The industrial symphony and the desire to capture the "voice" of places already permeate his Ofen aus (1993-95). On the one hand, the film is dominated by an avant-garde fascination with industry, progress, mechanization. Its modernist feel, approach and focus on the worker refer to the first film avant-garde movement, to the charm of all mechanical and moving parts which suit the film medium and are delicately photogenic. On the other hand, Komers has a clear intent and social interest to depict the situation of workers who face the closure of their factory. It is not merely an epic memento over a mechanical grave but a meticulous probe into the conditions of people who serve and tend to this bustling giant. The camera eye follows the graceful moves and breathtaking power of the machines, as well as the activity and interactions of the workers. He lets them speak and uses commentary to provide sufficient background. Komers's industrial fascination is not gratuitous because it shows the place in its social context as a source of work and income.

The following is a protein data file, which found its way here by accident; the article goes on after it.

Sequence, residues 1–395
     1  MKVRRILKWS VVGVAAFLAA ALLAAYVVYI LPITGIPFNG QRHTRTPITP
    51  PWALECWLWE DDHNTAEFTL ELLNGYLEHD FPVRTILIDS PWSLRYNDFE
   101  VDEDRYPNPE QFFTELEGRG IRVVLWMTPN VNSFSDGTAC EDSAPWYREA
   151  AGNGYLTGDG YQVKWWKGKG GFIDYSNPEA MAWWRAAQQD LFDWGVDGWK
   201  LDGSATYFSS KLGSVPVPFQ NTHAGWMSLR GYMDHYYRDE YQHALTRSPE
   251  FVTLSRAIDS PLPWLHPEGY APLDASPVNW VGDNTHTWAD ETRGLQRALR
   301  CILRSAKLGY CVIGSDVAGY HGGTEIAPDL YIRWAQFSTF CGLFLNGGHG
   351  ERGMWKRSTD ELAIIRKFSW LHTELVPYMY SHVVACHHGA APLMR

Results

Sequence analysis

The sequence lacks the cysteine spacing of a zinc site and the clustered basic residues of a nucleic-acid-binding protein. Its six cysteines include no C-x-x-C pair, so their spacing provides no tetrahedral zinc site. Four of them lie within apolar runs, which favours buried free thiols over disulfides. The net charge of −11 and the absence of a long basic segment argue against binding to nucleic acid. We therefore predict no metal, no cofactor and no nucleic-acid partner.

In his best films, Komers drops commentary altogether but keeps his fascination with landscapes constricted by civilization and, especially, by industry. It could be the perpetual motion of car traffic, the production of car registration plates or the movement of a sewing machine. Komers remembers to mention even the rattle of a loose sign, and even its tone has its place in the landscape song. Erdbewegung (1999-2004) is a trilogy composed of B 224 (1999), Nome Road System (2004) and NH 2 (2004) and films are set in, respectively, Germany, Alaska and India. Their rhythm is created by a cadence of images - the filmmaker discovers tones everywhere and the space entirely captivates him; everything he sees is presented to the viewer. For a moment he pauses to watch a busy urban road, a human face, then a conveyor belt transporting sand. It seems as if he were fascinated by objects seen through the camera. A steel pipe seen through our eyes is just a steel pipe, while the camera instantly makes it into an artifact. Music and dialogues are replaced with ambient sounds, an autonomous language of the world around us. The director composes a poem that has film frames for stanzas, while flowing water, traffic noise or forest murmur make up the melody. A house by the road or a river meandering in the valley are not merely landscape features but brooches pinned on the sweater of the earth. A heap of industrial scrap is not just a manufacturing by-product but an inorganic song. The focus is once again on mechanical motion and its specific beauty. In a sense, Komers converses with the three places that take turns to show off, talk, parade themselves but they are also happy to have a sympathetic ear for their complaints.